Without being able to be directly countered based on type and featuring one of the strongest attackers in the game, it would be a major surprise if Blastoise/Keldeo decks don’t do very well during City Championships.
The Deck Is Inconsistent
Perhaps the greatest weakness of the deck is that it is simply inconsistent. Stage 2 decks in general are inconsistent in this format as there isn’t a great deal of search that is there to especially get them setup. Computer Search and Skyla definitely help in getting your Stage 2 out and fast, but they still don’t make it easy. You still need some two card combination in hand to get your Blastoise out, with either of the Blastoise or Rare Candy in hand (or alternatively Computer Search), along with either the other missing part, Computer Search, or Skyla. This certainly opens up more pathways for you to get your Stage 2 out, but it doesn’t help as much as some would think.
This can lead to some erratic testing results, where one game the deck goes off turn 2, and it appears like the clear cut BDIF, and then other games where you stumble on getting your Blastoise out until like turn 5 or 6, and the deck seems like the inconsistent mess that Emboar variants were.
In general, I would say in about 2/3 of my games I am able to get a Blastoise out on turns 2 or 3, and when this happen, the deck usually performs very strongly. However, in those other 1/3 of games where you stumble on getting out your Blastoise, the deck can be absolutely brutal to play.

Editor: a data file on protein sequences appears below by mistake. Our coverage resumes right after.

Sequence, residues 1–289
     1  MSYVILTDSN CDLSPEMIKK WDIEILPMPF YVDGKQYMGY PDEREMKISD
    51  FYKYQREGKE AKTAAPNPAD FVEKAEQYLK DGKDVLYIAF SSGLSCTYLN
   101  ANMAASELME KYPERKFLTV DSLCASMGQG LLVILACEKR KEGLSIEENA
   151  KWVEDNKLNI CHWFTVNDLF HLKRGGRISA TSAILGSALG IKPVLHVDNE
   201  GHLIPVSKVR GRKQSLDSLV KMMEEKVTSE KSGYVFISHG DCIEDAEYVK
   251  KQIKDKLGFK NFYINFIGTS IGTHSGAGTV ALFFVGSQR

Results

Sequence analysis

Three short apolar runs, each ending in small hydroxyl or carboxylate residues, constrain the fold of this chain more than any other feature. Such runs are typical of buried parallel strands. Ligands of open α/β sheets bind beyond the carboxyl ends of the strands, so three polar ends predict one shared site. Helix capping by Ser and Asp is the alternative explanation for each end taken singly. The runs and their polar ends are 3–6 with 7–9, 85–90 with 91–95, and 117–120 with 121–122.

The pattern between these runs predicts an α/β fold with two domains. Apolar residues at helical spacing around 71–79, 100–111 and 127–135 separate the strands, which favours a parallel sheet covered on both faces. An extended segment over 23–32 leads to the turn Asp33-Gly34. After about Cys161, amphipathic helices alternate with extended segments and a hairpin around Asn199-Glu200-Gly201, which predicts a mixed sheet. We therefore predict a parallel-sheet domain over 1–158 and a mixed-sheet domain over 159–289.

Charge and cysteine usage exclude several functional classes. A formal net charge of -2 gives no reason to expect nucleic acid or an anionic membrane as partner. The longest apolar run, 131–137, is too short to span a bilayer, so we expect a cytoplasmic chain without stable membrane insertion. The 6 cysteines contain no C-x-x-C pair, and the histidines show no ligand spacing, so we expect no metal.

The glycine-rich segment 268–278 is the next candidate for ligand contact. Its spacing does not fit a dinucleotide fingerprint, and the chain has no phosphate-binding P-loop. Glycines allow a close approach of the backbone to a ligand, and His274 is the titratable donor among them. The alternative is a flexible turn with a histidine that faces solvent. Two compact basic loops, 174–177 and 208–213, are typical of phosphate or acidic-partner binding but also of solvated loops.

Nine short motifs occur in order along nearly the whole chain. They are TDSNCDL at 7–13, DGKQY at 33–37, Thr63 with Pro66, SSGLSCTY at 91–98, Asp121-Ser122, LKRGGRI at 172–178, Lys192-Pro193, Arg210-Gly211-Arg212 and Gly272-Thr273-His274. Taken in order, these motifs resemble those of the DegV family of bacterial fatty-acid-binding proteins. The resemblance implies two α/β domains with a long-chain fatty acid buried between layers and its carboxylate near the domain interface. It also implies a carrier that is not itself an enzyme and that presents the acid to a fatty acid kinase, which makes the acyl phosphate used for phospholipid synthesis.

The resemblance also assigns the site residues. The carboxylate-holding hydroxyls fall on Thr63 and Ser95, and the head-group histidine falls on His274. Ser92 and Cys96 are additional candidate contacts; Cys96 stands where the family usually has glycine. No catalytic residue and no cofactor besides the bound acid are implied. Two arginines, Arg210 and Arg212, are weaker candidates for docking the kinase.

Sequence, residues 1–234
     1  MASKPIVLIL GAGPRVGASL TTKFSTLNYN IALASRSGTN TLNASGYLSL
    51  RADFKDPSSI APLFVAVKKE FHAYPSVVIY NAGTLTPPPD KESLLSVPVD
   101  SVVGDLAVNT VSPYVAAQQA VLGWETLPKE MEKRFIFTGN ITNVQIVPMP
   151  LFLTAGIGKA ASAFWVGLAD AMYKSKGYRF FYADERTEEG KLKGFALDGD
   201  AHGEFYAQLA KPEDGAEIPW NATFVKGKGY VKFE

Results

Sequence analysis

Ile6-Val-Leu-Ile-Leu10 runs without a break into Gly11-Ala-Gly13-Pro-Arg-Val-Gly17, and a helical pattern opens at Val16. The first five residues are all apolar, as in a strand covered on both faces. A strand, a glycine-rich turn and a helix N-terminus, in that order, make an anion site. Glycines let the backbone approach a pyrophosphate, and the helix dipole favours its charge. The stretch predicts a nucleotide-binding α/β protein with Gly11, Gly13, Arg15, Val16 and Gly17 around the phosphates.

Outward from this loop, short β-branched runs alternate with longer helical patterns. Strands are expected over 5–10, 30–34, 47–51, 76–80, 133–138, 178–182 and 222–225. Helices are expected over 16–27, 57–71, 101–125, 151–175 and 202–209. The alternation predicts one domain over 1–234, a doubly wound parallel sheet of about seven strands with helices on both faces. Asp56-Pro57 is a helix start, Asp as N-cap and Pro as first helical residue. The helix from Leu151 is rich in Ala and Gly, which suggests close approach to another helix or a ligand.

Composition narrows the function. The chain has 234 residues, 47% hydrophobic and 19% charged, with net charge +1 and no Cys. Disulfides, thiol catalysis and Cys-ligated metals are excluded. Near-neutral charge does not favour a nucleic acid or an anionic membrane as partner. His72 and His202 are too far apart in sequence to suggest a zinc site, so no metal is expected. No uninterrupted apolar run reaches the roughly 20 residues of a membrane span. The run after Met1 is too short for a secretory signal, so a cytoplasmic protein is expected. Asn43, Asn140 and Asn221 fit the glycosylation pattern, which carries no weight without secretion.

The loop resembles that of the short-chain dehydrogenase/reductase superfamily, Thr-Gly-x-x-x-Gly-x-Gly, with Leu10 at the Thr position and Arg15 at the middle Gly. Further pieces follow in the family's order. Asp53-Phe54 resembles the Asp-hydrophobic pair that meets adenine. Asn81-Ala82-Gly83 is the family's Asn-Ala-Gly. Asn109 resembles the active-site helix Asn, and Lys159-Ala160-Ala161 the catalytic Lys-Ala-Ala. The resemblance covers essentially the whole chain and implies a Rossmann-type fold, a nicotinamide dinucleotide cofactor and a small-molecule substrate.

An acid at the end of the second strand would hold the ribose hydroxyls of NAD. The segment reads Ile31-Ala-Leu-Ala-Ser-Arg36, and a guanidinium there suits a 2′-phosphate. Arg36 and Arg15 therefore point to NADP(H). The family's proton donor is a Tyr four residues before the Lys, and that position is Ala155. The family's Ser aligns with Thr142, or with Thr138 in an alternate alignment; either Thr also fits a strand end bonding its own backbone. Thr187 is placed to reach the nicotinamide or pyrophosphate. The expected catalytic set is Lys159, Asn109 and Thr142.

Spread probably isn’t a viable option.
Any type of Early game spread probably isn’t a very viable option with this deck, as it is too inconsistent to really get an early game spread attack off, and in this format, other decks are so quick that they will probably be able to knock out your spread attacker once you do get it setup.
The problem with a spread based strategy is that there are too many variables that need to be completed to make it work. First of all, you need to hit the turn 2 Blastoise to get the proper number of Water Energy on your spreader, and then you need to search out your spread attacker (there really isn’t much room to play a lot of this)..and that is with most likely using some of your search to get out Squirtle and Blastoise, and then also use some other resources to get your spread attacker into the Active Position if you don’t start with it (and you probably won’t since there really isn’t a lot of room to play too many copies of these attackers).
That is just too many variables that need to be completed to be a consistent part of your strategy. The idea behind spread in the deck is good, but in practicality, it just doesn’t really work out all that well.
The non-EX Keldeo is pretty solid in the deck.
I think it is important for every deck to have some answer for dealing with Sigilyph. Blastoise has the built in option of using Blastoise’s Hydro Pump attack to knock out a Sigilyph, but using Blastoise to attack with probably isn’t the greatest idea, as you can’t really Super Scoop Up the Energy off Blastoise, and you are putting Blastoise in a very vulnerable position to be knocked out. In Hydreigon mirror matches for example, smart players would use Sigilyph to draw out their opponent’s Hydreigon and putting the Hydreigon in danger of being knocked out. A similar strategy could be used against Blastoise decks without an answer to Sigilyph. In the Hydreigon mirror match, for example, the best option for dealing with an opponent’s Sigilyph was to knock it out with your own.